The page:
The Secret Island of Dr. Quandary and Other PC Games That Ruled My Childhood

Before the internet was really the internet, computers were for playing games that hid education behind weird 8-bit characters.


The Secret Island of Dr. Quandary

 I can’t remember exactly what started my search for PC games from the 90s, but once I typed the words into Google, it wasn’t long before a flood of memories swept me away. When talking about PC games, most 90s kids remember dying of dysentery on the Oregon Trail, but the wagon train game never interested me much. My rainy recesses were more often devoted to Electronic Talking Mall Madness – it was when I was home, or at summer camp, that I would attempt to level up in one of these games:

The Secret Island of Dr. Quandary  From the makers of Oregon Trail – a carnival wizard challenges you to a shooting gallery game, but when you win you’re turned into a kewpie doll and transported to an island of seriously strange shit. A series of math and logic puzzles follow, and along the way you acquire the necessary ingredients to make the Fixer Elixir (including bat guano and a cup of Gobbledy-Gook.) With its loud colors and complete absence of realism, Dr. Quandary was an icon of its time.

The user interface of Treasure Mountain! consi...
Yes, those elves did stick their butts out before they jumped. (Photo credit: Wikipedia)

Treasure Mountain!  From the lovely folks at The Learning Company (who played a significant role in my early development) came a game in which you attempted to find all the missing treasures and ascend the mountain to deposit them in a big chest. Clues are given by annoying little elves that you capture in butterfly nets, and treasures are gained by depositing magic coins in front of bushes. The attraction of this game was that you got to keep one of the treasures (which were different every time) to display as a representation of your prowess, and your skill levels went up every time you made it to the top of the mountain – as long as someone didn’t come along while you were away and erase your score. Since there was only one computer in the entire school that had this game, you never knew how long you’d hold onto bragging rights.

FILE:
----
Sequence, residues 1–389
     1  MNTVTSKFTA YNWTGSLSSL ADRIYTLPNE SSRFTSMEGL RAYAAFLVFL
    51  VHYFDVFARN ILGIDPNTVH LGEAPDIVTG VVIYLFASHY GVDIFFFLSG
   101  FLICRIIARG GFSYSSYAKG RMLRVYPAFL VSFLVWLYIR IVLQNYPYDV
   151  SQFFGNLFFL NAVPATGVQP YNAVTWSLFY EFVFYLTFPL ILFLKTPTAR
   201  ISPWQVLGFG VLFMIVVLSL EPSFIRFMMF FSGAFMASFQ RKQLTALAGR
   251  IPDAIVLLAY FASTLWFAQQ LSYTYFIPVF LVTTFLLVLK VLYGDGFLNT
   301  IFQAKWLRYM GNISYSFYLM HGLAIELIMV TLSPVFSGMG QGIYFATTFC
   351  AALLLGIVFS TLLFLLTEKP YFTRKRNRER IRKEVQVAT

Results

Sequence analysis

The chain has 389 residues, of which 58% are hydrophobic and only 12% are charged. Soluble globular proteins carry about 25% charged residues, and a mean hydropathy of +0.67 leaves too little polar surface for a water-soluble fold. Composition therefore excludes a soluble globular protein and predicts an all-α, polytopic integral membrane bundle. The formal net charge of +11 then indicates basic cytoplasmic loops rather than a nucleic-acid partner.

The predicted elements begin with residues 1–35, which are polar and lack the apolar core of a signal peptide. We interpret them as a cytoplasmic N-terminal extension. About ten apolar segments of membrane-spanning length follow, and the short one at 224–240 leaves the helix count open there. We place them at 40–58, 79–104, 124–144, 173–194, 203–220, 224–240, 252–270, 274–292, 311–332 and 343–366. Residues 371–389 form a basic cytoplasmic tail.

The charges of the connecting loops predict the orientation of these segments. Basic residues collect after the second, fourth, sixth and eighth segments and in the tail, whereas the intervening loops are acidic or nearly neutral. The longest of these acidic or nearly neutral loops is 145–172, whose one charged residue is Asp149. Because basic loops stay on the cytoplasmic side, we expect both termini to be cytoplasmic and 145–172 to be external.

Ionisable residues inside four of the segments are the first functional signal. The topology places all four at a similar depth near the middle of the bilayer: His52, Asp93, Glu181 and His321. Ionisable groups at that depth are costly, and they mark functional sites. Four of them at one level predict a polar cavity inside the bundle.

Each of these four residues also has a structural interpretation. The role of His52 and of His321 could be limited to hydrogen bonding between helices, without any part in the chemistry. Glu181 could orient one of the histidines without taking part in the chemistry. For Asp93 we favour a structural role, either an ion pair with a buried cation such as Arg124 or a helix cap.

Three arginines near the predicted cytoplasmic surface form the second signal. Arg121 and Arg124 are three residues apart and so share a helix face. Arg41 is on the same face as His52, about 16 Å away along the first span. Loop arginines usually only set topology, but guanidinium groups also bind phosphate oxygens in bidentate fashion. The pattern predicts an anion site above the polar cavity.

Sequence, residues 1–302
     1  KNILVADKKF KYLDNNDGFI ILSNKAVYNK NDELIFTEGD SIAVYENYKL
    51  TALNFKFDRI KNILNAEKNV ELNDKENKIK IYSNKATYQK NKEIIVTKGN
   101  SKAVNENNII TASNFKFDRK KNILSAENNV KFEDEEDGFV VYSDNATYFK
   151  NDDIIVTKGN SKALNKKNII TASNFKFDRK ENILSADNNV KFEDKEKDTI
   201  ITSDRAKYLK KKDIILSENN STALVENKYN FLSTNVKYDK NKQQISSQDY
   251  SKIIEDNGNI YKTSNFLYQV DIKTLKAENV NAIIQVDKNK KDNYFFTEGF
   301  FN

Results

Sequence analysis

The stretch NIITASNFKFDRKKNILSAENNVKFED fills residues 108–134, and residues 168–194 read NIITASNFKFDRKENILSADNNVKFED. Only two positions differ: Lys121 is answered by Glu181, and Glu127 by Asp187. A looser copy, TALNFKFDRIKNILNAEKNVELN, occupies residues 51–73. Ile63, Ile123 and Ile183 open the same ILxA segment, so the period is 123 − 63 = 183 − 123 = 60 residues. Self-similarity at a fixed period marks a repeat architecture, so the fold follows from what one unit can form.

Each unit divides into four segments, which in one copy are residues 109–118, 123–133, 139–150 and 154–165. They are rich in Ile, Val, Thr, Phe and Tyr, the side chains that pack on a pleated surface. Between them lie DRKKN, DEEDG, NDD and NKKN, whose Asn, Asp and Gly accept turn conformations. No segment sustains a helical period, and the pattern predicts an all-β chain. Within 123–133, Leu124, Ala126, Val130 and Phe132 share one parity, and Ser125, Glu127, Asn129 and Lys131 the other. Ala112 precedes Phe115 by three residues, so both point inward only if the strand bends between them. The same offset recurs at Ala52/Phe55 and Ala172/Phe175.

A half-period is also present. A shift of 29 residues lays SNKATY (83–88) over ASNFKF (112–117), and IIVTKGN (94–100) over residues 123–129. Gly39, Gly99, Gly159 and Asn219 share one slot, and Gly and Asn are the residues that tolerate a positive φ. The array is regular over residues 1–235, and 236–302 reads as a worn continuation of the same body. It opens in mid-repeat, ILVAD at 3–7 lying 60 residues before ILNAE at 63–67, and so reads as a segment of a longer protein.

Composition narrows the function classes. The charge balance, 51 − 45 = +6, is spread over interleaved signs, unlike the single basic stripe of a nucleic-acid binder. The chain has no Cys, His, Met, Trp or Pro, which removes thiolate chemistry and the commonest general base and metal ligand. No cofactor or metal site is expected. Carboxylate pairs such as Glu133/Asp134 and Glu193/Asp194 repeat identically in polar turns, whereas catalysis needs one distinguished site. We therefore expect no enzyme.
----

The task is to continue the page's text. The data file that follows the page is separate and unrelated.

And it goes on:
JetpackJetpack  A freeware game published as shareware by Software Creations in 1993, this was *the* game at my summer camp – probably because it was the least educational. Again, relegated to one single computer in the Bungalow, it was worth the wait in line to play. This platform game involved gathering emeralds that looked like platters of jello with the aid of your little jetpack, sometimes phasing through brick walls, avoiding Dalek-impersonators, collecting fuel tanks and golden idols along the way. There was just something about the little avatar’s victory dance that was infectious.

Where in the World is Carmen SandiegoWhere in the World is Carmen Sandiego?  Everyone knows about Carmen, mysterious thief extraordinaire – her Rockapella theme song is an earworm. Following the PBS game show, Brøderbund Software released this updated version of the detective game where we had to track suspects all over the world and determine their identity from scraps of paper left lying on the ground. I remember Ms. Sandiego had a sarcastic streak, and she always appeared to be one step ahead. Her henchmen had typically punny names, possibly indicating an overlap with the villains from Captain Planet.

SpelunxSpelunx  The most elusive game of them all. This one’s unusual in that it ruled my childhood, but I never got to play it. Back when Natural Wonders was still in business, I used to loiter in their stores, examining geodes and Galileo thermometers, and one day they had a computer set up to demonstrate a new game that involved exploring caves. It was Myst for children (made by the same people). Unfortunately I didn’t get the name of the game before I was dragged away, and so spent many years wondering if I’d made the whole thing up until a chance find on an internet forum assured me that I wasn’t crazy.

So if you found your way to this page searching for some long lost computer game from your 90s childhood, rest assured: you’re not crazy either.

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